The no-surprises law, billed as protecting patients from surprise medical bills, went into effect on New Year’s Day 2022. But did the federal law actually reduce health care costs to rates out-of-network charges, as well as certain forms of invoicing” for the part of the supplier’s costs not covered by insurance?
The provisional assessment of the new law is decidedly mixed.
Health insurers report the number of surprise bills the law prevents, but worry about the potential burden of claims litigation.
Analysts believe the law is written to provide substantial consumer protections, but they have yet to see sufficient data to judge compliance.
Health care consumers give a lower rating, according to a June poll by Morning Consult. One in five respondents said they received an unexpected medical bill in the first half of the year, the survey found. But it’s unclear how many of those surprises — if any — should have been blocked by the limited protections of the No Surprises Act.
“It is very difficult to determine whether the law is actually implemented because the problem is this: are consumers not receiving surprise bills?
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The law prevented more than 2 million potential surprise bills from reaching commercially insured patients from January 1 through February, according to a statement from AHIP, an insurance industry trade group. But analysts still have doubts.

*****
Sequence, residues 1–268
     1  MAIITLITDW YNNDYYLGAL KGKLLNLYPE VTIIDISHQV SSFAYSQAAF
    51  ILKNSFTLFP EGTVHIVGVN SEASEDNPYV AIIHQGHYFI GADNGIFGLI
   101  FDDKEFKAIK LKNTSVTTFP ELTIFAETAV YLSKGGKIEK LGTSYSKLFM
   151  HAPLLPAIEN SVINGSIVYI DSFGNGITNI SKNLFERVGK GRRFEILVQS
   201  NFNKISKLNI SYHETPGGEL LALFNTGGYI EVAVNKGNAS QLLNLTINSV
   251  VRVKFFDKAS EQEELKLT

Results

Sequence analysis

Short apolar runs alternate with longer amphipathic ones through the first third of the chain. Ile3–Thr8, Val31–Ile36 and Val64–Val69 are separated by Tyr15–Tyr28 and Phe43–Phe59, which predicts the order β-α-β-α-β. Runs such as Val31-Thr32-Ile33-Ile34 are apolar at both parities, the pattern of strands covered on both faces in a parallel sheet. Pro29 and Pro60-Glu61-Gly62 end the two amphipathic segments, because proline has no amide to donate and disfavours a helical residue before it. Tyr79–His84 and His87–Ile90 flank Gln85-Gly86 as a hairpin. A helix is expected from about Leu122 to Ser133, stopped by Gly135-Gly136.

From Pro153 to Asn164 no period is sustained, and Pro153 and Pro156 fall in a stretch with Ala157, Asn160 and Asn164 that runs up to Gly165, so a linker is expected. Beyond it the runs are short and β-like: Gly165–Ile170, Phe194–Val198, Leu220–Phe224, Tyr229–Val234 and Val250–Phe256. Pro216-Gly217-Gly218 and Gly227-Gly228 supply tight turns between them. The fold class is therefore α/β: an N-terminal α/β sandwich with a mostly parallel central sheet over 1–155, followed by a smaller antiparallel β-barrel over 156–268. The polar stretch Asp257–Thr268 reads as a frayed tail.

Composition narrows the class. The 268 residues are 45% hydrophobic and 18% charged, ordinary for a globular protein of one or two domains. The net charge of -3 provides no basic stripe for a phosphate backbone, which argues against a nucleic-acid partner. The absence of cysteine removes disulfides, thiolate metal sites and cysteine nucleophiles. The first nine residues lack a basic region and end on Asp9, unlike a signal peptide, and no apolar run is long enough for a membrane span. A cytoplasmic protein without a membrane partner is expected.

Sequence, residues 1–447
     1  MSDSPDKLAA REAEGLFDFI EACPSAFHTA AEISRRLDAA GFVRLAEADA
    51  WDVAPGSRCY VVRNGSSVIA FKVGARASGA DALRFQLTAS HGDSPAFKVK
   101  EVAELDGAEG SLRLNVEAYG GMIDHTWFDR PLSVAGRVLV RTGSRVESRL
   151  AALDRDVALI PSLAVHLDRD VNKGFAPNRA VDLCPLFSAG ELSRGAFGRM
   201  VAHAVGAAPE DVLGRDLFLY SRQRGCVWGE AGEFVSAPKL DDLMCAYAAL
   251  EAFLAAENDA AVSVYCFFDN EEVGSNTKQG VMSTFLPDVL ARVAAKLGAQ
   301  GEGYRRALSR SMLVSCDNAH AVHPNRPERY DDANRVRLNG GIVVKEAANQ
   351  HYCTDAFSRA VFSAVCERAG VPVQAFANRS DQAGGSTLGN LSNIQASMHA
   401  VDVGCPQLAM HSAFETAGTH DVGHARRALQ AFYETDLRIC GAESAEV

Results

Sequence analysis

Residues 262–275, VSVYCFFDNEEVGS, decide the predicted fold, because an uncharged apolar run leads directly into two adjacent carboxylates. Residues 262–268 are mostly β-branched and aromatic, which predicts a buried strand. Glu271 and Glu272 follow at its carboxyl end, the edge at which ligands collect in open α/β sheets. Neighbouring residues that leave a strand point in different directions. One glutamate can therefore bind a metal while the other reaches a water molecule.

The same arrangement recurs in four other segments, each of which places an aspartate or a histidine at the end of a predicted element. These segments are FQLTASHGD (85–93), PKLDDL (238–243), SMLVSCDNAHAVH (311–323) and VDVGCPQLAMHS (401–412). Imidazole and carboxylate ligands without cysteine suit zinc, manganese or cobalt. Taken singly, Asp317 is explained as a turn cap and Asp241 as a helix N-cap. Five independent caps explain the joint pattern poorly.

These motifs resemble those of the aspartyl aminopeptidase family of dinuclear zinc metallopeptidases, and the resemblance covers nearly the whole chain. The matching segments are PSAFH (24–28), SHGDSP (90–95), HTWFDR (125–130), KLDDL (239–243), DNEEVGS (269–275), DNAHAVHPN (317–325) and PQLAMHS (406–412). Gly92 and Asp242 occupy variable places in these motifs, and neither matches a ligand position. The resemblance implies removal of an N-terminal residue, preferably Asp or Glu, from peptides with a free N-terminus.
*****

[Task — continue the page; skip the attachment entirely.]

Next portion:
“It is very difficult to determine whether the law is actually implemented, because the problem is this: consumers not receiving surprise bills,” says Patricia Kelmar, director of healthcare campaigns at US Public Interest Research Groups, a national federation of consumer advocacy organizations.
Observers’ doubts about the law’s effectiveness are compounded by low consumer awareness of the new protections. In June, only 16% of adults said they had seen, read or heard something about the law without surprise, according to the Morning Consult poll. Consumers who don’t know the law also don’t know their rights if providers and insurers don’t comply.
The complexity of the law — primarily in the form of exceptions that allow off-network charges and balanced billing in certain circumstances — raises further questions. “Anything that patients think is a surprise bill is not NSA’s business,” says Loren Adler, associate director of the University of Southern California-Brookings Schaeffer Initiative for Health Policy. Emergency care, for example, does not benefit from the protections of the law for emergency care.